How much longer can Lewis Hamilton sustain a streak of form which has seen him win five of the last six world championships, and take 62 race victories in that time?
His four-year run of pole position trophy wins, with at least 11 poles per season, came to a sudden halt. Hamilton started at the sharp end ‘only’ five times, the same number as his team mate, and two less than Charles Leclerc.
Hamilton admitted the Mercedes W11 wasn’t always as comfortable to drive at the limit as some of the team’s previous cars. And after the summer break Ferrari returned as an even more potent force.
But it didn’t put Hamilton off his winning stride on Sundays, and despite taking pole on less than a quarter of Saturdays he still won on more than half of Sundays.
Qualifying: Lap time
The lower the lines, the better the driver performed
Hamilton reckoned his 2019 campaign was “on the whole as strong as the last that I can remember” but admitted his one-lap pace was an area where he wasn’t quite as competitive.
“Qualifying wasn’t as strong this year,” he said, “but still I was qualifying front row, top three quite often and splitting the Ferraris when they all of a sudden had 30bhp more than anyone.”
Over the opening races the pendulum seemed to be swinging towards Valtteri Bottas. Hamilton soon corrected that, and from Monaco onwards it was rare for Bottas to start ahead of him.
“I think my qualifying was still good,” said Hamilton. “It was a harder car to drive this year, but the races were just as strong as last year and I think those are really, you see the qualifying I think five [poles] to 11 [wins] it was. The races are really where the championship was won.”
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Race: Start versus finish
Despite consistently qualifying near the sharp end of the grid, Hamilton often finished ahead of where he started – a necessity if you’re going to take 11 wins from five pole positions.
It’s instructive to look at the four times out of 21 that Hamilton didn’t finish on the podium. He was fifth in Austria, which was one of Mercedes’ least competitive weekends, though Bottas nabbed second; ninth after their shambles of a race in Germany; fourth after a strategy error in Singapore; and seventh in Brazil after his penalty for an ill-judged lunge on Alexander Albon.
On many other occasions he came through to win, whether by passing his team mate off the line (Shanghai), out-manoeuvring his rivals via strategy (Mexico City) or simply running away at the front of the field (Paul Ricard).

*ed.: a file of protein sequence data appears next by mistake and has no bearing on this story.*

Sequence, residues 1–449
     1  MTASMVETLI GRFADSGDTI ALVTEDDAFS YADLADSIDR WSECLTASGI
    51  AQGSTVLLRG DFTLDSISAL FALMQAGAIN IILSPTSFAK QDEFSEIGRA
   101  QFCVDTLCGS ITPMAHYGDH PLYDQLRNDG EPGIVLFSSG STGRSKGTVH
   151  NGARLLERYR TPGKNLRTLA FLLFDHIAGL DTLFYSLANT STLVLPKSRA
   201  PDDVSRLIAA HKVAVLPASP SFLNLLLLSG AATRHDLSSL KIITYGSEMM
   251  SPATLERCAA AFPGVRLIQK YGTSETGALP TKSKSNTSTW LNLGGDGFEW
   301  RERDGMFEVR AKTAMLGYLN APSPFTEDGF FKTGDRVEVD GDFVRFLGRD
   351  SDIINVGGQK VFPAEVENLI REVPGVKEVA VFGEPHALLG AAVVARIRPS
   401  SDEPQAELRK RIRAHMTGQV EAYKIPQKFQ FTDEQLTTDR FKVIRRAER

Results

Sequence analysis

One of his most satisfying wins came in Hungary, where he started on the second row but used an aggressive two-stop strategy to hunt down and pass Max Verstappen. Hamilton admitted it was “the strategy that I didn’t necessarily think was going to work.”
Hamilton is often quick to voice concern s over his team’s tactical choices. “It’s difficult if you don’t have the computers in front of you showing how it’s going to go,” he said. “So I just had to put the pedal down and hope. It was a pretty awesome result.
“I think there’s been lots of great races this year and there’s no one particularly that stands out better than the others. They’ve all been different.”
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Race: Share of points
Race: Results versus other drivers
Perhaps the most troubling aspect of Hamilton’s form for his rivals is he appears increasingly resistant to pressure. Arguably the biggest mistake he made all year, when he clattered into Albon in Brazil, came after the championship had already been decided.
In 2019 Hamilton demonstrated how adept he has become at exploiting any chance to win a race that comes his way. It’s no coincidence that when the cards fell in his favour – for example, in Sochi, he was ready to take advantage.
He admits there are still aspects of his game he needs to improve on, but is naturally reluctant to elaborate on the details. “There’s always areas that you can improve on,” he conceded. “You’re always gaining knowledge as the year goes on about the tyres, about the car, about yourself.”
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Race: Reasons for retirements
Hamilton finished all 21 races.
2019 F1 season
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